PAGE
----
Georgia Governor Brian Kemp Calls Critical-Race Theory a ‘Dangerous Ideology’

Georgia Governor Brian Kemp Calls Critical-Race Theory a ‘Dangerous Ideology’

Gubernatorial candidate Brian Kemp adjusts his tie before speaking to volunteers and staff in Atlanta, Georgia, U.S., November 5, 2018. (Leah Millis/Reuters)

Georgia governor Brian Kemp issued a letter Thursday demanding that public schools in the state refrain from incorporating critical-race theory (CRT) into course curricula.

He insisted the Georgia State Board of Education “take immediate steps to ensure that Critical Race Theory and its dangerous ideology do not take root in our state standards or curriculum.” The letter said that parents, students, and faculty are alarmed by the drive for indoctrination programming in the state’s education system.

“This divisive, anti-American agenda has no place in Georgia classrooms,” Kemp wrote in a tweet with an attachment of the signed letter.

In the document, Kemp stated that he wants Georgia schools to “focus on our goal of providing the highest quality education to every child in Georgia, without partisan bias or political influence.”

“Education in Georgia should reflect our fundamental values as a state and nation — freedom, equality, and the God-given potential of each individual,” he added.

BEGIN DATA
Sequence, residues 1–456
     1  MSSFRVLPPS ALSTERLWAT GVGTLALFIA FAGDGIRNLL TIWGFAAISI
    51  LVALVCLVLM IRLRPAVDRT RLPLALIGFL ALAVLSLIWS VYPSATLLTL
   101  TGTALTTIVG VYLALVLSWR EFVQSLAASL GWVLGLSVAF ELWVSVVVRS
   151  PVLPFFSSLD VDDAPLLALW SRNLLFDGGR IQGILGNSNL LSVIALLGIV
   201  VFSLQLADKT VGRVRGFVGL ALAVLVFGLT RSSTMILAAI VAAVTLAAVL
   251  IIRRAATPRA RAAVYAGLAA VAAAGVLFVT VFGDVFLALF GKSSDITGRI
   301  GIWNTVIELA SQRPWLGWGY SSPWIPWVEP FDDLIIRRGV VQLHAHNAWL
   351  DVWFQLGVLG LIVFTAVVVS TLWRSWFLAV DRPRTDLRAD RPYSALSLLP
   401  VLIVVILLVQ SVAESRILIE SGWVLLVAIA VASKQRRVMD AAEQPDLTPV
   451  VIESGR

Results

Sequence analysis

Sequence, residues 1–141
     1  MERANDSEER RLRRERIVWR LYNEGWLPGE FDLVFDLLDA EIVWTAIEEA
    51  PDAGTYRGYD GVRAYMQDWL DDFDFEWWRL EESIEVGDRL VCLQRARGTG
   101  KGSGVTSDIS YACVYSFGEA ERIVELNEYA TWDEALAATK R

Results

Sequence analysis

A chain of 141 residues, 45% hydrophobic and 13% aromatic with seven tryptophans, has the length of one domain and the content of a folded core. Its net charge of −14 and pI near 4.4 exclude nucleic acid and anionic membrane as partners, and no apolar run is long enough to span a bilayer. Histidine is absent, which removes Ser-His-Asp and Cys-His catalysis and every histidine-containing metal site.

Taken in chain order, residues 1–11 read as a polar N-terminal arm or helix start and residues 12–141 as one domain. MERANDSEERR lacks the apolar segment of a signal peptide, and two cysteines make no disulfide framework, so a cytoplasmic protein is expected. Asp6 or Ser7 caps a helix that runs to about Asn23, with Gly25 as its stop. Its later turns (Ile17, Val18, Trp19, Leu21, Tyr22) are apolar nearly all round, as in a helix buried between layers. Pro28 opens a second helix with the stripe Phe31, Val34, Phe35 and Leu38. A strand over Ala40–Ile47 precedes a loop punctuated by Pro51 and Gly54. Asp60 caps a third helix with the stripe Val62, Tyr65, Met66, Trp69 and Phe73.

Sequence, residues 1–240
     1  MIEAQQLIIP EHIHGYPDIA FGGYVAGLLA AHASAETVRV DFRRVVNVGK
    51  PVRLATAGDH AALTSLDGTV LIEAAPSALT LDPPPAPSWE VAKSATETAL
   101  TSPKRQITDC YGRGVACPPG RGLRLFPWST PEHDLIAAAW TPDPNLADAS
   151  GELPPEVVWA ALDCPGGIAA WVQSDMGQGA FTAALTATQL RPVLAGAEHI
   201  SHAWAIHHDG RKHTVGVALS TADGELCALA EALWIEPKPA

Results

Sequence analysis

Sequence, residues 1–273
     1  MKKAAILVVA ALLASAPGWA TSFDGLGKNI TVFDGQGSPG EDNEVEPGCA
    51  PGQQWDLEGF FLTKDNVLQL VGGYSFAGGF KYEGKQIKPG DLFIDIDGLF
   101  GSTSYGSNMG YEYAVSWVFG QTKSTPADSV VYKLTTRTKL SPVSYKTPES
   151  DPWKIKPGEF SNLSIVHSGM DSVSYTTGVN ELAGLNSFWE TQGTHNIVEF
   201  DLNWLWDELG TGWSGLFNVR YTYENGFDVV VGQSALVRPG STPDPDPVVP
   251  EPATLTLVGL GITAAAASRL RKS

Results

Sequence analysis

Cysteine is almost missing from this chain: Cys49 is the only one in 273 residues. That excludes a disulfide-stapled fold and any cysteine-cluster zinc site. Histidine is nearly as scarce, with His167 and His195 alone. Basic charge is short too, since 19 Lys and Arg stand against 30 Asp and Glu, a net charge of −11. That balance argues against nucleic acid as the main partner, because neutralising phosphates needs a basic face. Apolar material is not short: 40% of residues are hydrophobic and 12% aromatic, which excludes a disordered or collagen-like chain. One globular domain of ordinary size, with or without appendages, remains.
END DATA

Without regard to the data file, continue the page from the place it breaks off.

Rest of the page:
Kemp’s memo also slammed the Biden administration for trying to funnel taxpayer dollars into a biased “blatantly partisan agenda in Georgia classrooms.” He clarified the values of education that schools should promote, namely freedom, equality, and individualism.

The governor’s notice comes amid a wave of anti-CRT movements within Republican-dominated state legislatures across the country. After long hours of debate and deliberation, the Texas state senate passed a bill Saturday morning prohibiting the instruction of CRT in public and open-enrollment charter schools, which now returns to the state House for review.

In April, Senate Minority Leader Mitch McConnell (R., Ky.) took a stand against CRT and urged Education Secretary Miguel Cardona to encourage public schools to remove its teachings from their educational material. McConnell called CRT a “revisionism” of U.S. history.

McConnell and 38 other Senate Republicans subsequently drafted a letter criticizing the New York Times‘ 1619 Project, which teaches that racism and slavery are intrinsic to America’s history, legacy, and national fabric. The initiative’s mission is to place “the consequences of slavery and the contributions of black Americans at the very center of our national narrative.”

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